One of my favorite places that I visited during our recent trip to Davao and Samal Island was the Bankerohan Public Market in Davao City. The trip to the market was toward the end of our visit and served two purposes, to help me practice my Cebuano (Bisaya) in a “live setting”, and of course to see this gem of Davao City. My only regret was that I didn’t spend more time there. Next time it will be a priority for me.
I’d not been to the Bankerohan Public Market during any previous visits, so this was quite a treat for me. I wasn’t expecting it to be so large and so nice. I was also able to go through part of the Agdao Market while there this time, but I much prefer the Bankerohan Market. The stalls, and really the whole setup, just seemed so much nicer. I’m not sure how the two compare in prices, as I didn’t really get a chance to buy that much and there was an awful lot to take in.
I was escorted to the market by Mindanao Bob (Bob Martin) and my Bisaya teacher, Bebe. It was a pleasure to join them to practice my Bisaya, and to see how far along Bob was in his own practice. It certainly was motivation for me to keep at it, regardless of how slow it’s been going for me at times. I worked on phrases like, “Pwede ba ko’ng magpractice ug Bisaya? (Can I practice Bisaya)”, “Unsa’y imong pangalan? (What is your name)”, “Pila kini? (How much is this), and related phrases. It was a lot of fun to see and hear their responses. Most vendors were very receptive to speaking to me, and that it was also fun, if not funny, for them.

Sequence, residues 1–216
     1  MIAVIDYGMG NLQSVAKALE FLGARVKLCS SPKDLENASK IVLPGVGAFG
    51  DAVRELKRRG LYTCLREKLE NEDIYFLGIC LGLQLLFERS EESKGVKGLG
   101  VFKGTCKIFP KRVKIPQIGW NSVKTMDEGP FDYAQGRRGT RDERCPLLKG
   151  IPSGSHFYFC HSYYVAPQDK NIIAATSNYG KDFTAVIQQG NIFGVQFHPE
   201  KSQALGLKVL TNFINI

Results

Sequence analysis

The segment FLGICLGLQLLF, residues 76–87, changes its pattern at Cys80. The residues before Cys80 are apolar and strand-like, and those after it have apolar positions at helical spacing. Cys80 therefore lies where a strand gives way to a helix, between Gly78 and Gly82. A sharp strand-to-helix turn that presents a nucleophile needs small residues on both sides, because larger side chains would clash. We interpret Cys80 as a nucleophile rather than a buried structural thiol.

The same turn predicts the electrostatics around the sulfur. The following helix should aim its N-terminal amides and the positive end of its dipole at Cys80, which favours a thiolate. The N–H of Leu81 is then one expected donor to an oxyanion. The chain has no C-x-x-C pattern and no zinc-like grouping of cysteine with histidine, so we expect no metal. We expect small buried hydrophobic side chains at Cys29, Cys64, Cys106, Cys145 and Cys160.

I also got to see a lot of fruits and vegetables that I’d never encountered before. Most vendors would have samples available for you, and if not, were more than agreeable to cut some for you. I purchased something that I can’t even remember what it was, but it was more for the exercise of buying something using only Bisaya. It was quite good, whatever it was.
I think the best part of the trip to the market was when we took a back path to the inside of the market and ended up at a little restaurant that I believe was called Del Mar Cafeteria. There I got to enjoy a little more Bisaya discussion, but more essentially I got to try puto maya and sikwate. I don’t think they called it sikwate, that’s what I’ve found looking for it on Google, but it was the drink made from pure tabilya or tsokolate. I really enjoyed that, as it is the pure cacao beans roasted and ground into tablets. I picked up a pack of their Pure Tabliya and brought back with me, but so far have not been able to emulate the drink they made for me. I guess they have a little more practice at it than me.
Samal Island has their own markets. In particular there is a Public Market in Penaplata, and I imagine I’ll take advantage of the that pretty often at some point in the future. That said, a trip to Bankerohan Public Market will be one of the main reasons for me to visit Davao when we are finally living on Samal.